Four other Minnesota counties — Freeborn, Nobles, Kandiyohi and Carver — have similar federal contracts for housing ICE detainees, according to an ICE spokesperson for Minnesota.
Sherburne County receives about $11 million a year, minus expenses, for housing immigration detainees, according to a letter written by Sheriff Joel Brott in November and published in the Elk River Star News. He declined an MPR News request for an interview and tour of the jail.
Revenue from the county's contracts with outside agencies, including ICE, goes into a special fund to cover jail expenses, Brott wrote. It's also helped pay for county projects, he added, including a public safety building in Zimmerman and a new judicial services building.
"This fund has helped relieve the burden to the county levy and county taxpayers," he wrote.
But members of the two Elk River churches say they don't think the county should be profiting from housing ICE detainees.
Raudabaugh said members of her congregation are bothered by the fact that they benefit financially from the incarceration of detainees. By living in the county, she said, some feel they are complicit in the detentions.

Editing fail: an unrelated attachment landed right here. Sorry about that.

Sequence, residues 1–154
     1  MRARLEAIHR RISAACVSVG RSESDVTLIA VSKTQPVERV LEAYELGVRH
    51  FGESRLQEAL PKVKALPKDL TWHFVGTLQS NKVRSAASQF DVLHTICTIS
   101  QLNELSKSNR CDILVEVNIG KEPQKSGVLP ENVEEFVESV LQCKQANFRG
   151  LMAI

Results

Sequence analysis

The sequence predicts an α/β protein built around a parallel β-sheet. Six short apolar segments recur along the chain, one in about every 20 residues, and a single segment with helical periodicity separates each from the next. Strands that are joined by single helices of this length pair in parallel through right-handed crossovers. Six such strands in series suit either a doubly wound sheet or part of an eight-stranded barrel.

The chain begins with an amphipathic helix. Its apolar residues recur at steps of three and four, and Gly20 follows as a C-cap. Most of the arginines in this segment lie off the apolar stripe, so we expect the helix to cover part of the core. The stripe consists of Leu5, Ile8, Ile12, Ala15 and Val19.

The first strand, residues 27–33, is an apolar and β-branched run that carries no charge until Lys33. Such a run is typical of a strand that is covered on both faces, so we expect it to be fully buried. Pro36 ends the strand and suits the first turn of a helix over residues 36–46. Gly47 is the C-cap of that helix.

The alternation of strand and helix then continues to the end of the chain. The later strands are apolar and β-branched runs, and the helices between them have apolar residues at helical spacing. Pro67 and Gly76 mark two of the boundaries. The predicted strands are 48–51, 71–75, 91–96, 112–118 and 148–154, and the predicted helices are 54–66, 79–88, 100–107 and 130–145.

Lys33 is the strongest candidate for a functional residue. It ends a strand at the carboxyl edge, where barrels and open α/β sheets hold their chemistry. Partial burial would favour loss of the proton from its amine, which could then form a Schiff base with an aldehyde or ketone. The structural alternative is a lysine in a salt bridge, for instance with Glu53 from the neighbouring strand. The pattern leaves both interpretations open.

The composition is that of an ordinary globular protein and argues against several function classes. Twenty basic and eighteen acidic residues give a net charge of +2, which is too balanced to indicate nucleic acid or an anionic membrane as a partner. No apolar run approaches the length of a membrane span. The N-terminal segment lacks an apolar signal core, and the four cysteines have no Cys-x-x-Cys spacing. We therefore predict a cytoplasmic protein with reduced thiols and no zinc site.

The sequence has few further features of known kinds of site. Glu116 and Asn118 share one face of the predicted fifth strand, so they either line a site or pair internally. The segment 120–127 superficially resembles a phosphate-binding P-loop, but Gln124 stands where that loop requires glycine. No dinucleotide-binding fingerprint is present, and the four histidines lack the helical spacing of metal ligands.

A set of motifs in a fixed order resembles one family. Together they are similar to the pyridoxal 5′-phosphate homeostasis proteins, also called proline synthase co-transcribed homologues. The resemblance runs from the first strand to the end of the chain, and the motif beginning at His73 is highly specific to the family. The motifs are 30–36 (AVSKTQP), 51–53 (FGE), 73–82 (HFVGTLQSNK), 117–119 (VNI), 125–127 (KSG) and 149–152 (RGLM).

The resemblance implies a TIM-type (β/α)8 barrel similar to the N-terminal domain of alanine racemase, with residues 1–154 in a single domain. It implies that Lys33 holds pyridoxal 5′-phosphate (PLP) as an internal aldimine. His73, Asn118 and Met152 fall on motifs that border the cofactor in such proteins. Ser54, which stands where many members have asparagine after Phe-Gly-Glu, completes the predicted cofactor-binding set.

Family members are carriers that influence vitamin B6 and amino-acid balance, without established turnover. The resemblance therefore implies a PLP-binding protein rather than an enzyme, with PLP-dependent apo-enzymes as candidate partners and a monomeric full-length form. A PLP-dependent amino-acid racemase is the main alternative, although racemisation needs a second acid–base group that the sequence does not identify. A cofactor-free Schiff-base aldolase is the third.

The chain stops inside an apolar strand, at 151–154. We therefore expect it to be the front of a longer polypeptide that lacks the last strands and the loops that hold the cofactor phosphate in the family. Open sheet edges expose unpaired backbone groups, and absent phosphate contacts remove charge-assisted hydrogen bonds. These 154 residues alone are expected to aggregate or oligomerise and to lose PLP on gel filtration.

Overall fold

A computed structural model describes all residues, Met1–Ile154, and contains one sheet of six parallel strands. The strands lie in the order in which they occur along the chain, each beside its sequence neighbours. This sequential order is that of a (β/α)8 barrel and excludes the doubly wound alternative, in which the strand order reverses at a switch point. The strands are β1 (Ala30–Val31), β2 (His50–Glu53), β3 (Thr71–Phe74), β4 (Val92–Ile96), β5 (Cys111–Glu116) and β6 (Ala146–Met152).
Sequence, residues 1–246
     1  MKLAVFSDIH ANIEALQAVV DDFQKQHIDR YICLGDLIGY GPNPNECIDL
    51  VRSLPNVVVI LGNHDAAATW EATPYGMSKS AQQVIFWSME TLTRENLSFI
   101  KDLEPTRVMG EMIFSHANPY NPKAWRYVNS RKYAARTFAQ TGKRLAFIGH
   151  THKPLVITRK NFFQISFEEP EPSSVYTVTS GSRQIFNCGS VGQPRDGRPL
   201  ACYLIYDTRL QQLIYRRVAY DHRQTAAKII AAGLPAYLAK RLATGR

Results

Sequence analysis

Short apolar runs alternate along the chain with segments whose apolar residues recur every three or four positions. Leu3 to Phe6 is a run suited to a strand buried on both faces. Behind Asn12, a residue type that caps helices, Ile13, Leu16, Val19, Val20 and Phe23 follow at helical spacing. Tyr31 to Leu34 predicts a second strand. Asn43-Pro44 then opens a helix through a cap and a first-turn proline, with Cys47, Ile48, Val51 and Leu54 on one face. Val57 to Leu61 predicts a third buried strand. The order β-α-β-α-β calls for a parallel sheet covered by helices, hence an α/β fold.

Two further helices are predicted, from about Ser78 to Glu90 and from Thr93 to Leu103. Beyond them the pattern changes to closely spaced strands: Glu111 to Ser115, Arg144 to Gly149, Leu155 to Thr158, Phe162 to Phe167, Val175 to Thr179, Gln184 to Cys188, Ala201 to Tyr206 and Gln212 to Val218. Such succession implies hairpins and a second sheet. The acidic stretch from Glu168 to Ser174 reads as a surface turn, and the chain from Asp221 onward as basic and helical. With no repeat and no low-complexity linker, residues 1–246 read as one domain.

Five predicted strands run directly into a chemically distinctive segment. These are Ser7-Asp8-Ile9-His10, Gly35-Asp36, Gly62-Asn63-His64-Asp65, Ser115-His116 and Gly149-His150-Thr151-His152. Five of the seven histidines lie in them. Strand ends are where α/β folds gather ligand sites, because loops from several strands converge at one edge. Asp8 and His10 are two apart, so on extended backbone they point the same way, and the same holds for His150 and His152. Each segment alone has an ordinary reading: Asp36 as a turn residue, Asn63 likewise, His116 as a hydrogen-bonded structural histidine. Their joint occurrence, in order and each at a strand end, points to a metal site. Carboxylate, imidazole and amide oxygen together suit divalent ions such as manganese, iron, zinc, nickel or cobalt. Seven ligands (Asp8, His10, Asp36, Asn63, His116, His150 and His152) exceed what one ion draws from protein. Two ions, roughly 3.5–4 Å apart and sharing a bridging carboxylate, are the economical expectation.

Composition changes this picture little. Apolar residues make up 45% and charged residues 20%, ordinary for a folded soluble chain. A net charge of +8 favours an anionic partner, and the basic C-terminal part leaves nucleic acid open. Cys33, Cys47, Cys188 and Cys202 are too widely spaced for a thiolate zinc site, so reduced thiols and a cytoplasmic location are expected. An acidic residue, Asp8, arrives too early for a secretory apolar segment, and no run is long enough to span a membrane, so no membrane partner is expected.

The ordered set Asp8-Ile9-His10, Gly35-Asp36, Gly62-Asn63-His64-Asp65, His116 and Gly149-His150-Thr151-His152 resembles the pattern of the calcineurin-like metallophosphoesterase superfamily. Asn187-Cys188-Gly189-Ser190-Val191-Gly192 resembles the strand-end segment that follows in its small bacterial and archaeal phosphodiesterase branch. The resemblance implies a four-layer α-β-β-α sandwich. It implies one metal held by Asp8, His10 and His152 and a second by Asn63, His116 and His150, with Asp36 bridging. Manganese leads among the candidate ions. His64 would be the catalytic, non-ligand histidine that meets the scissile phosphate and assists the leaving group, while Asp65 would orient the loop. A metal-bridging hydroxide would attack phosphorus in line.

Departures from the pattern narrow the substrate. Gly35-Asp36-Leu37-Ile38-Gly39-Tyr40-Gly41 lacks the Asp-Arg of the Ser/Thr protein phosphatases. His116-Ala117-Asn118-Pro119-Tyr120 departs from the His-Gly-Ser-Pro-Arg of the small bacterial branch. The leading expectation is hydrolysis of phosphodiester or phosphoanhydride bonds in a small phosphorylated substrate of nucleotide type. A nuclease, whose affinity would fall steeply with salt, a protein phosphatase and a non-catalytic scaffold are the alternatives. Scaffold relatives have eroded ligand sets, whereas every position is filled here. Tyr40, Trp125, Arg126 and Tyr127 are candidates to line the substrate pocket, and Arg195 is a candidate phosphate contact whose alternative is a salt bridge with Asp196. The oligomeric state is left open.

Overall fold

"I think that that weighs very heavily on the hearts of many of the folks in my church who would never see themselves as a protester — who are lifelong residents, who are retired school teachers, who are very, very connected in this community," Raudabaugh said.
But so far, that concern appears to be limited to a small group. Most of the prayer vigils have drawn just half a dozen people or so.
Sherburne County Commissioner Felix Schmiesing said the recent protests of the jail's ICE contracts are the first he's heard of in his 15-year tenure on the county board. He said he thinks people are generally aware of the federal contract and support it.
"We don't judge these people," Schmiesing said. "We're not the reason that they're there, but we are there to fill that need."
Sheriff: Most detainees have previous criminal record
From Jan. 1 to Oct. 18 of this year, Brott wrote in his letter to the editor, the Sherburne County Jail housed a total of 1,515 people on behalf of ICE.
Of those people being detained, just over half were from Mexico. The rest were from 85 different countries, he wrote.
About a quarter of those detainees had no previous criminal convictions, Brott wrote. Of those, he said, most had entered the U.S. illegally or had previously been deported. The rest, he said, had entered the U.S. legally, but lost their legal status for various reasons.
Brott wrote in his letter that three-quarters of the detainees in that time period had previous criminal convictions, ranging from burglary and driving under the influence to assault and criminal sexual conduct. Eleven were convicted of murder or manslaughter.